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October 05, 2002

The Myth that McCain is a Democrat

It's a bit disturbing that even Tapped has bought the line that McCain is now really just a Democrat parading around in Republican drag. Sure, McCain is not a team player and says harsh things about his party when the cameras are rolling. Most politicians have the decency to say such things about their allies "off the record" when they can put the knife in anonymously. But most of them do it repeatedly.

But while McCain has dissented from his party on a few issues like campaign finance reform and the patients bill of rights, his voting record overall is still hard-right Republican.

  • In the last three years (1999-2001), his average "liberal quotient" according to Americans for Democratic Action (ADA) was 17%.
  • His voting record for those same three years according to the AFL-CIO was 14%.
  • On environmental issues, according to the League of Conservation Voters, McCain had an average score of 13% for the past three years.

    McCain's ratings had a moderate uptick in 2001, largely because of McCain-Feingold and a few other issues, but with the "Straight Talk Express" leading the charge on the war against Iraq, it will be years before McCain gets even in the ballpark of moderate Republicans like Arlen Specter (lifetime AFL-CIO rating of 64%) or Olympia Snowe (League of Conservation Voters average rating of 53% over the last three years.)

    The only story on McCain is that he once had an insane Jesse Helms hard-right voting record and he has advanced to become merely a raging conservative with a big mouth. That may be useful to progressives at times, but don't fall for the hype.

    Update: Jeff Hauser in the comments thought it was unfair to combine the ratings from 1999 onwards, since McCain has shifted most since the 2000 campaign. 2002 ratings haven't been done yet, but even looking just at 2001, McCain's ratings are still pretty rightwing.

    His 2001 AFL-CIO rating got up to the pathetic 27%, partly because he voted against anti-union amendments in McCain-Feingold because he knew they would kill the bill. Since the average GOP rating was 20%, McCain excepting McCain-Feingold was hardly different from anti-labor Republicans. McCain still voted:
    * In support of Ashcroft's nomination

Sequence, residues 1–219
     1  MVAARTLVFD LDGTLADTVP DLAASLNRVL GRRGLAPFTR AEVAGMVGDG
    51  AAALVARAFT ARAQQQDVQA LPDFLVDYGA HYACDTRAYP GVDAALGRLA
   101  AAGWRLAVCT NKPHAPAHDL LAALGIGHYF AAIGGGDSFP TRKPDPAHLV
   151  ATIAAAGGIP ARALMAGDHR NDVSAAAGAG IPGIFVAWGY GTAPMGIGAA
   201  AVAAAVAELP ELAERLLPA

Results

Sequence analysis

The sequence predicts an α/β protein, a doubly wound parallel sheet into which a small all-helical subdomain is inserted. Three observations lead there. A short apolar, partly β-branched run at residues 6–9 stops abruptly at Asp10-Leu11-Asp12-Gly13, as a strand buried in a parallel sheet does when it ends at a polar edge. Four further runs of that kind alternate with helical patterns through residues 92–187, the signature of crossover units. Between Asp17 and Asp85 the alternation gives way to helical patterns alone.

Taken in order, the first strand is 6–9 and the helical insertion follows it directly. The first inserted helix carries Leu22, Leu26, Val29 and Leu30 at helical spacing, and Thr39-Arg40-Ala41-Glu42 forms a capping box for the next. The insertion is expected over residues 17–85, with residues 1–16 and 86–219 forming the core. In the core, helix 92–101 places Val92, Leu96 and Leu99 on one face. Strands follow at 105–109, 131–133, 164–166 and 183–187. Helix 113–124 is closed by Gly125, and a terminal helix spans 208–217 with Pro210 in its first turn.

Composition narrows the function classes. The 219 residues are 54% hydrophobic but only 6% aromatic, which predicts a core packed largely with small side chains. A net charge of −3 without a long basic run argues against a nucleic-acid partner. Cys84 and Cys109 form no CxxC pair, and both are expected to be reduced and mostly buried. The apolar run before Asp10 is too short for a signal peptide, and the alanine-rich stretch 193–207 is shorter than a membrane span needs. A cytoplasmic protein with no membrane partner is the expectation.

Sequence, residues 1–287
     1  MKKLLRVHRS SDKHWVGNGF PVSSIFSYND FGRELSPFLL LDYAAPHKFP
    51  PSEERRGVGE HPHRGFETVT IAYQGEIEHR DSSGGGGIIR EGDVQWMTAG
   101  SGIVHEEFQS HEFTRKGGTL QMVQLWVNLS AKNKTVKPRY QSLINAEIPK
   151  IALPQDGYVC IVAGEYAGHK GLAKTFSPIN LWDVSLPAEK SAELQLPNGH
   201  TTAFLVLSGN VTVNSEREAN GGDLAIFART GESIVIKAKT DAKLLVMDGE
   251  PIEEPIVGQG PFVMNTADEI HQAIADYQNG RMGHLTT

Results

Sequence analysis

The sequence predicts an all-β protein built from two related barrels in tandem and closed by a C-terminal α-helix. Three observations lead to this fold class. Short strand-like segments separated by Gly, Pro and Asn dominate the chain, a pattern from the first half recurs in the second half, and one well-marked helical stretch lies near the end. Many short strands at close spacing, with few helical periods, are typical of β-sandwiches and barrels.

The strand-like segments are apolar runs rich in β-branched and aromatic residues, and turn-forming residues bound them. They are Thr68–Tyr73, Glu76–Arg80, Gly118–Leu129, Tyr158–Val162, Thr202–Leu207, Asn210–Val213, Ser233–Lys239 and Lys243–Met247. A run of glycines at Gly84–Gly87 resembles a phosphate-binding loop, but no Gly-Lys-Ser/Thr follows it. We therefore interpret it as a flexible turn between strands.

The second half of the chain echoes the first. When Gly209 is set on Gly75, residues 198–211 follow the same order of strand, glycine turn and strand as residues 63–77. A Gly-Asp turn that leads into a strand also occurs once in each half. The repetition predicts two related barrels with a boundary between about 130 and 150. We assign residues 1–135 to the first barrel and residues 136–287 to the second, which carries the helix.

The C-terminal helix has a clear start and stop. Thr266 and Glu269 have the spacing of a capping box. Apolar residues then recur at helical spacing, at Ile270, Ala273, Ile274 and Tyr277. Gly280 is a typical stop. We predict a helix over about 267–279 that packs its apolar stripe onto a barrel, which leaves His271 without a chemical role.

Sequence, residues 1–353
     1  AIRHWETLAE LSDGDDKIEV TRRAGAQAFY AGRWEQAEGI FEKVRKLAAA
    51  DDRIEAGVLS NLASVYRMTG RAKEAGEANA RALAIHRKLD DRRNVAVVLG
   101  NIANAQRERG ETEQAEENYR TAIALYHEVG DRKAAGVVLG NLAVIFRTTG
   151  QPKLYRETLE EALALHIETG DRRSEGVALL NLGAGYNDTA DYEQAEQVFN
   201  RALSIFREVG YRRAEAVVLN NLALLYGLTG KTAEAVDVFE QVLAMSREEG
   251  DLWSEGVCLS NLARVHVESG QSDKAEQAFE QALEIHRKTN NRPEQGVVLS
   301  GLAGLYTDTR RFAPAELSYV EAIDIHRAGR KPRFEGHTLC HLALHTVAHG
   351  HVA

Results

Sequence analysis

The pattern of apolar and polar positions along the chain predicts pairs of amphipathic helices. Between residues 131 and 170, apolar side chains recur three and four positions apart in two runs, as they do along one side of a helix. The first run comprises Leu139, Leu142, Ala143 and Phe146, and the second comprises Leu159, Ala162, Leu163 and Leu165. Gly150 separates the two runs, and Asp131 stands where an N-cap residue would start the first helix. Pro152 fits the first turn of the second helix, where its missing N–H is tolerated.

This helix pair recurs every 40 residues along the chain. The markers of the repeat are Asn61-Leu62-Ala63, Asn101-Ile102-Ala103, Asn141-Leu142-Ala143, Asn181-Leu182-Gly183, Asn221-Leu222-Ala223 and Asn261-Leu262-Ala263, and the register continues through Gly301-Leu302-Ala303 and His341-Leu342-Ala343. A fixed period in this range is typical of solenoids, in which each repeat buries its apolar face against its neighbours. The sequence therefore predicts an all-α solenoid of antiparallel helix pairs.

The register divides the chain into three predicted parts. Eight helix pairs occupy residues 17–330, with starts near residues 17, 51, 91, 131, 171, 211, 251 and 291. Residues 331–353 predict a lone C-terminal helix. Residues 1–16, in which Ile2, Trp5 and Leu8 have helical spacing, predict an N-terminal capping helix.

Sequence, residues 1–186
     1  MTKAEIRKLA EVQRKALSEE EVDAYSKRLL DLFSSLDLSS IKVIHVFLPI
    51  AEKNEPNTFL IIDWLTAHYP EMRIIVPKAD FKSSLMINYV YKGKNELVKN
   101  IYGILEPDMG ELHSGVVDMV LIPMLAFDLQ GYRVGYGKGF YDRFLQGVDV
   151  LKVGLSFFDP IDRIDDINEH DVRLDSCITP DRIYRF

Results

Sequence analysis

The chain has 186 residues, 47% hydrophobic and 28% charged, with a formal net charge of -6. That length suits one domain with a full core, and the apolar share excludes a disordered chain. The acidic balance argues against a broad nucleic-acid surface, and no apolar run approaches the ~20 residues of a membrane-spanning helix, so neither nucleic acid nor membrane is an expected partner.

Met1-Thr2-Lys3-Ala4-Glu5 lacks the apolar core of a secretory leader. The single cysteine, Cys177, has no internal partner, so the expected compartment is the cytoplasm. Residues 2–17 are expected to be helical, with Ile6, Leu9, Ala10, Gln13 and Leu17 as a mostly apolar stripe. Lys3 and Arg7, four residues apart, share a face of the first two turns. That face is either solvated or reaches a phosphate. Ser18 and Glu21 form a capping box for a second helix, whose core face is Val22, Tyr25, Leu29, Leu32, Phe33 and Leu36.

* To kill Clinton's workplace ergonomics regulations
    * Against expanded funding for prescription drugs
    * For Bush's budget cuts (even if he did vote against the tax cuts)
    * Against funding for school construction
    * For school vouchers
    * In support of NAFTA's loosening of truck safety
    * To continue using slave labor in our prisons for federal contracts, instead of allowing free workers to bid on them
    * Against health care relief for airline workers after 911
    * To allow employers to discriminate against unions when offering employee deductions for non-profit donations
    * Against defending the collective bargaining rights of firefighters, police officers and emergency medical crews

    Oh, yeah and if you look at the environment, aside from campaign finance reform, the League of Conservation voters in 2001 found only one decent vote by McCain, rejecting new powers for the Dept. of Agriculture to block environmental regulations they deemed harmful to farmers. Other than that he supported Norton's nomination for Interior, supported drilling in the Gulf of Mexico, supported drilling in national monuments, and voted for cutting environmental funding from the Dept. of Agriculture. McCain's enviro record in 2000 was even worse- he scored a goose egg, voting on the wrong side of every environmental issue.

    How long does the list of horrible votes have to be before folks give up on the McCain fantasy. Yeah, he might be marginally better than the Shrub, but not enough to make much of a difference. I'm a lesser-evil proponent but I'm not so discouraged about 2004 that I'd promote someone more conservative than Bob Dole as the Democratic nominee.